Baudelaire's poem, "The Giantess," is a response to one of my analysands who, this morning, arrived at his session after a scene he witnessed yesterday that left him scarcely able to believe his eyes, moved and also troubled. His two-and-a-half year-old son was having fun by the swimming pool of their weekend house. Before jumping into the water, his mother took off her bathing suit. Since he bathes often with her, he has had many opportunities to view her stark naked. He usually expresses his curiosity, it is true; only yesterday things took a different course. The child stopped dead in his tracks before this naked body, as if he had never seen it before. His facial expression changed. It was, says the father (who, in talking about his son, may also have been talking about himself), "as if he had entered another world, a paradise, whose enchantment and magic were reflected in his eyes, as if he were seized by the most primordial memories." Meanwhile his little member rose up, and, swelling, extended towards her, thrust forward, so imperatively that the child followed its impulse: he was already pressing against his mother's body, which he passionately embraced "to penetrate it," adds the father - who projects, as did Freud before him, his mature desire onto this child. To follow the latter into the kingdom open to him, where the mother, his first woman, the queen of his first three years, reigns supreme, we should rather re-read Baudelaire: "Mother Of memories, Mistress of mistresses, O you, all my pleasure! O you, all my duties!" All his poems speak of her. And some of them, "The Giantess" in particular, opens onto the infinity of a desire next to which that of penetration can come to seem so reasonable, even narrow! For it is the whole of the mother's body which the child, caught by the radiant strength of its flesh and beauty, wants to inhabit, traverse, explore as an intimate and privileged guest. In these carnal landscapes where body and memory "flower," the child regards himself as a regular visitor, a faun wandering freely, keenly attentive to the unexpected aspects and gentle charm of the place, taking his rest there, enlivening the landscape with his curiosity, his happiness in sojourning there. The lives of the mother and the child are at once distinct and attuned to one another, the erect penis their extreme point, as it were - their punctuation.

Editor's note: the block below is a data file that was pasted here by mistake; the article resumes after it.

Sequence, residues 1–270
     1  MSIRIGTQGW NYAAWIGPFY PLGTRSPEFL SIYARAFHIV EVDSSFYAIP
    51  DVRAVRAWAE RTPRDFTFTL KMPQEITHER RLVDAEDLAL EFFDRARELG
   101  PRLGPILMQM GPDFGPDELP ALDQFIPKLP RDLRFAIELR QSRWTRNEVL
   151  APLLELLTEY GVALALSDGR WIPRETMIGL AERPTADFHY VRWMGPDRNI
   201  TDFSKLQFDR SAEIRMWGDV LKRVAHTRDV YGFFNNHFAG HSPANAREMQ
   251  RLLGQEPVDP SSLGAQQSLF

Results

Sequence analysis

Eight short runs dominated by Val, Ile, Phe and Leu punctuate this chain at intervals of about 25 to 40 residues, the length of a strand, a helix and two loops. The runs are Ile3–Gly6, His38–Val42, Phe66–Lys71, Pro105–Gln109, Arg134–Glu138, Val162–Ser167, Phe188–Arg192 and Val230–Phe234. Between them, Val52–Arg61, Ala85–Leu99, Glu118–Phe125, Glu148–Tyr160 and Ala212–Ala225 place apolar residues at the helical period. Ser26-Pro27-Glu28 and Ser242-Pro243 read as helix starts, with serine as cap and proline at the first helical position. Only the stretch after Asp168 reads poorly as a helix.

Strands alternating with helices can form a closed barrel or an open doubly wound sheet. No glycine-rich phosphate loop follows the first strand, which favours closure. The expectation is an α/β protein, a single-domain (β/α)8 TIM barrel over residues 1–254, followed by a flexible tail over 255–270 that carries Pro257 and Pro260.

A few remarks or questions: in his mother's womb, does the boy experience erections that would be correlative to certain sounds, rhythms, movements and vibrations? On the other hand, the power and beauty of Baudelaire's poem are due to the opposite forces it successfully suggests and contains. The giantess is generosity, rest, vigor, plenty. She is "dreadful" too. In her heart a "somber flame" is "concealed." In her the two antagonistic mother figures coexist. The "first" one is the enchantress. The "second" is the huge Thing anticipated even in the first months of life after the first one has withdrawn; the one who frightens Hans and the Wolf Man so: dark continent, Lilith, Kali in her fury. And, as everyone knows, leaving, casting off the mooring rope, breaking off with a woman (another meaning of the word "launch-off"), all this is tantamount to running away from the first mother, who, for a thousand reasons, true or false (what were those of Fabrice's father?(4) has suddenly begun to be frightening - in order to indulge wholly in the happy, carefree exploration dreamt by the subject, and conducted by Baudelaire's "monstrous" child, in the first years of life. Yet there is also another way of holding and taming the maternal Thing: action, work, technics. It is fitted out, as if a light skiff were to be rigged out with a sail and rudder, then engines, then various improvements that, whether it were now a sail-boat or a warship, would turn it into a high-performance apparatus, "state-of-the-art" as they say.(5)